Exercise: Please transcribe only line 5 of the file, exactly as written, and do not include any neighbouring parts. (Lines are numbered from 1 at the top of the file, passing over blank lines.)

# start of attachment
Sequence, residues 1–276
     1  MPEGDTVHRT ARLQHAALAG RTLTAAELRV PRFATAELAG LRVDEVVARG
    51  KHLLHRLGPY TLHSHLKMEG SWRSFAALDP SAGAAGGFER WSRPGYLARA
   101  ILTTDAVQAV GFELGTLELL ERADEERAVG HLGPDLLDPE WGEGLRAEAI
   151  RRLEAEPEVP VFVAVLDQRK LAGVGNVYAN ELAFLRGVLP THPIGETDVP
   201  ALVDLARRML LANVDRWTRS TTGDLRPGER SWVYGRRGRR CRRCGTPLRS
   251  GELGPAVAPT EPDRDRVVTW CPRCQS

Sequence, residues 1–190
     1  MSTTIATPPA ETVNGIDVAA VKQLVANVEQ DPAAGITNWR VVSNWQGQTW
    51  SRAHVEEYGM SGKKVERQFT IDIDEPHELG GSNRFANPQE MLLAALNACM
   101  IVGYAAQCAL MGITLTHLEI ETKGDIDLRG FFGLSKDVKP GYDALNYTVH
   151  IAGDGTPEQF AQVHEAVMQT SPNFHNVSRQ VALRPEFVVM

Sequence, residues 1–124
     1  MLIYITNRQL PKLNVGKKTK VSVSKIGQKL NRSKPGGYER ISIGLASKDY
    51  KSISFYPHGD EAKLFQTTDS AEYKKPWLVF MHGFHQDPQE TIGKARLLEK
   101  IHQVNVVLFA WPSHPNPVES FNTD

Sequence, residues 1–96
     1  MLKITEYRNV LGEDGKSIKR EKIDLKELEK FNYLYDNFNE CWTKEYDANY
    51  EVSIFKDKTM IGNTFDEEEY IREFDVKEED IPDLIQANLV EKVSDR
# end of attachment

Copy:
   151  RRLEAEPEVP VFVAVLDQRK LAGVGNVYAN ELAFLRGVLP THPIGETDVP